Prospective Study
Copyright ©The Author(s) 2021. Published by Baishideng Publishing Group Inc. All rights reserved.
World J Gastrointest Pharmacol Ther. Jul 5, 2021; 12(4): 79-89
Published online Jul 5, 2021. doi: 10.4292/wjgpt.v12.i4.79
Castor oil as booster for colon capsule endoscopy preparation reduction: A prospective pilot study and patient questionnaire
Kota Takashima, Yoriaki Komeda, Toshiharu Sakurai, Sho Masaki, Tomoyuki Nagai, Shigenaga Matsui, Satoru Hagiwara, Mamoru Takenaka, Naoshi Nishida, Hiroshi Kashida, Konosuke Nakaji, Tomohiro Watanabe, Masatoshi Kudo
Kota Takashima, Yoriaki Komeda, Toshiharu Sakurai, Sho Masaki, Tomoyuki Nagai, Shigenaga Matsui, Satoru Hagiwara, Mamoru Takenaka, Naoshi Nishida, Hiroshi Kashida, Tomohiro Watanabe, Masatoshi Kudo, Department of Gastroenterology and Hepatology, Kindai University Faculty of Medicine, Osaka 589-8511, Japan
Konosuke Nakaji, Division of Gastroenterology, Department of Internal Medicine, Endoscopy Center, Aishinkai Nakae Hospital, Wakayama-Shi 640-8461, Japan
Author contributions: Komeda Y contributed conceptualization, methodology, and formal analysis; Takashima K and Komeda Y contributed investigation, and wrote original draft; Watanabe T and Kudo M reviewed and edited the manuscript; Sakurai T, Masaki S, Nagai T, Matsui S, Takenaka M, Nishida N, Kashida H, and Nakaji K contributed data collection; Hagiwara S contributed statistical analysis; all authors have read and agreed to the published version of the manuscript.
Institutional review board statement: This study was approved by the Institutional Review Board of Kindai University Hospital (29-087) and the procedures were in accordance with the Declaration of Helsinki.
Clinical trial registration statement: The clinical trial is registered with University Hospital Medical Information Network, using identifier UMIN000028694. Details can be found at
Informed consent statement: All study participants, or their legal guardian, provided written consent prior to study enrollment.
Conflict-of-interest statement: The authors of this manuscript have no conflicts of interest to disclose.
Data sharing statement: No additional data are available.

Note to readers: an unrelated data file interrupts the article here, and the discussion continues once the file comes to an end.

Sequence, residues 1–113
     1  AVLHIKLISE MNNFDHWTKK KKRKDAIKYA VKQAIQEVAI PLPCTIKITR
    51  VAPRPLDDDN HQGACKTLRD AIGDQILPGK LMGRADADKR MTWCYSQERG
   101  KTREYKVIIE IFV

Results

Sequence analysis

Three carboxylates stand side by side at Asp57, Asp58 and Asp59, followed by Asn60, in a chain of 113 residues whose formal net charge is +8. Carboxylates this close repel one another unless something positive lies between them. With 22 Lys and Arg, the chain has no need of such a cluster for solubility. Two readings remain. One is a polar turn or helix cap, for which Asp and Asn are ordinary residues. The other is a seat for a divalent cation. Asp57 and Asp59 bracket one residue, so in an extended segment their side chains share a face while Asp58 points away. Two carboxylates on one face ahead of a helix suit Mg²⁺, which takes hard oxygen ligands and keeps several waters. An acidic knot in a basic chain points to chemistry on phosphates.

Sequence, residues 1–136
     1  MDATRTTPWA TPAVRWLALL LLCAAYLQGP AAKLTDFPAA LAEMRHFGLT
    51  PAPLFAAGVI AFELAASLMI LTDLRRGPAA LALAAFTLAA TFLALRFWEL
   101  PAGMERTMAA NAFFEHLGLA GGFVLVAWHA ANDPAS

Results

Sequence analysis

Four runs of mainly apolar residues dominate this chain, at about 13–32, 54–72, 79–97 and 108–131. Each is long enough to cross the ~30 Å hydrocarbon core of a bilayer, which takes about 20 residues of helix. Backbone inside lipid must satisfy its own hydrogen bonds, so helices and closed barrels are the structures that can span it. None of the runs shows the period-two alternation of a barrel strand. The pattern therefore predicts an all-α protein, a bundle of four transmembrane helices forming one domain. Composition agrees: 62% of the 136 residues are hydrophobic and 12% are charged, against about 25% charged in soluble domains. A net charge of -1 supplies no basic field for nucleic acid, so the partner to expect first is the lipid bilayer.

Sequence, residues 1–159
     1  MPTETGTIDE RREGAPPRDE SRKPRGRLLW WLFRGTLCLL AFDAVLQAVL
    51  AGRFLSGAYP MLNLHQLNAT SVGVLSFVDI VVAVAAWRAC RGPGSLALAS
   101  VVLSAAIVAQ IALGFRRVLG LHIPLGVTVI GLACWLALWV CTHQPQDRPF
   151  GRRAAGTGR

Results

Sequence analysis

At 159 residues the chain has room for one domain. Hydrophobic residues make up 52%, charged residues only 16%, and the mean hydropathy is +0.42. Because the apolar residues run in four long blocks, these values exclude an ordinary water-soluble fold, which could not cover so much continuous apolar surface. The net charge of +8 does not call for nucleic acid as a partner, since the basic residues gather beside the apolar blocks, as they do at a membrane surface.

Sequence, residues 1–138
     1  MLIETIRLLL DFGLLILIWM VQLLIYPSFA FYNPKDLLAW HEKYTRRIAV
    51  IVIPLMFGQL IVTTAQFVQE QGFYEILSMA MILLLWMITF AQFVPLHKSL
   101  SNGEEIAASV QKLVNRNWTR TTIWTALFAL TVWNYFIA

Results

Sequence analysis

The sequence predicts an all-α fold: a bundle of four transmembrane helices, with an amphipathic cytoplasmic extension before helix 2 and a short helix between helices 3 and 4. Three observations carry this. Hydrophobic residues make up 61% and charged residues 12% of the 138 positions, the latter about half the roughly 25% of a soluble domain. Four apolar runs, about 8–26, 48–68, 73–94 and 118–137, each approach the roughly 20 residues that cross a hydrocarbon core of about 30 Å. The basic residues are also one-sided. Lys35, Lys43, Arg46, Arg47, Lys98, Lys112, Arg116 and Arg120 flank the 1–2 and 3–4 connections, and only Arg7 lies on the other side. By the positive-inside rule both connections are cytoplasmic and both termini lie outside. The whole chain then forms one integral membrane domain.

CONSORT 2010 statement: The authors have read the CONSORT 2010 Statement, and the manuscript was prepared and revised according to the CONSORT 2010 Statement.
Open-Access: This article is an open-access article that was selected by an in-house editor and fully peer-reviewed by external reviewers. It is distributed in accordance with the Creative Commons Attribution NonCommercial (CC BY-NC 4.0) license, which permits others to distribute, remix, adapt, build upon this work non-commercially, and license their derivative works on different terms, provided the original work is properly cited and the use is non-commercial. See:
Corresponding author: Yoriaki Komeda, MD, PhD, Senior Lecturer, Department of Gastroenterology and Hepatology, Kindai University Faculty of Medicine, 377-2, Ohno-higashi, Osaka 589-8511, Japan.
Received: February 2, 2021
Peer-review started: February 2, 2021
First decision: February 24, 2021
Revised: March 22, 2021
Accepted: May 20, 2021
Article in press: May 20, 2021
Published online: July 5, 2021
Research background

Colon capsule endoscopy (CCE) is a usefulness imaging modality because it can be performed non-invasively. However, there is one major limitation of CCE, as bowel preparations for CCE require a larger volume of laxative than that used in conventional colonoscopy because of the need for capsule excretion completion. Therefore, the development of a new bowel preparation method with comparable liquid volume to colonoscopy is necessary to increase patients’ CCE tolerability.

Research motivation

Castor oil could have the potential to accelerate the capsule excretion through the colon and reduce the volume of the liquid laxative.

Research objectives

In this study, we attempted to clarify the effectiveness and tolerability of our modified regimen, which uses castor oil as a booster.

Research methods

Twenty patients suspected of colorectal diseases were enrolled in this prospective cohort study. We used modified CCE regimen using castor oil as a booster. The capsule excretion rate within the battery life, bowel cleansing level in different segments of the colorectum, and detection rates of colorectal lesions were evaluated. In this study, we asked the patients to complete a questionnaire to assess the CCE tolerability.

Research results

Seventeen patients (85%) successfully followed our castor oil–based regimen, whereas three patients (15%) were unable to ingest castor oil because of its taste and failed to expel the capsule within the duration of battery life. The mean large bowel transit time was 236 min. The percentage of patients with satisfactory colon cleansing levels was 70%. The sensitivity, specificity, and diagnostic accuracy rates in detecting colorectal polyps with a size ≥ 6 mm were 76.9%, 75.0%, and 76.4%, respectively. Twelve patients (71%) evaluated the CCE procedure as more than “good” in the questionnaire, thus confirming the tolerability of our new regimen.

Research conclusions

This study shows the safety and utility of modified bowel preparation for CCE, which uses castor oil, and found that that it can achieve capsule excretion, colon cleansing, high tolerability of CCE preparation, and reduction of liquid laxative volume.

Research perspectives

A prospective multicenter trial is required to assess the safety and utility of castor oil–boosted bowel preparation for CCE.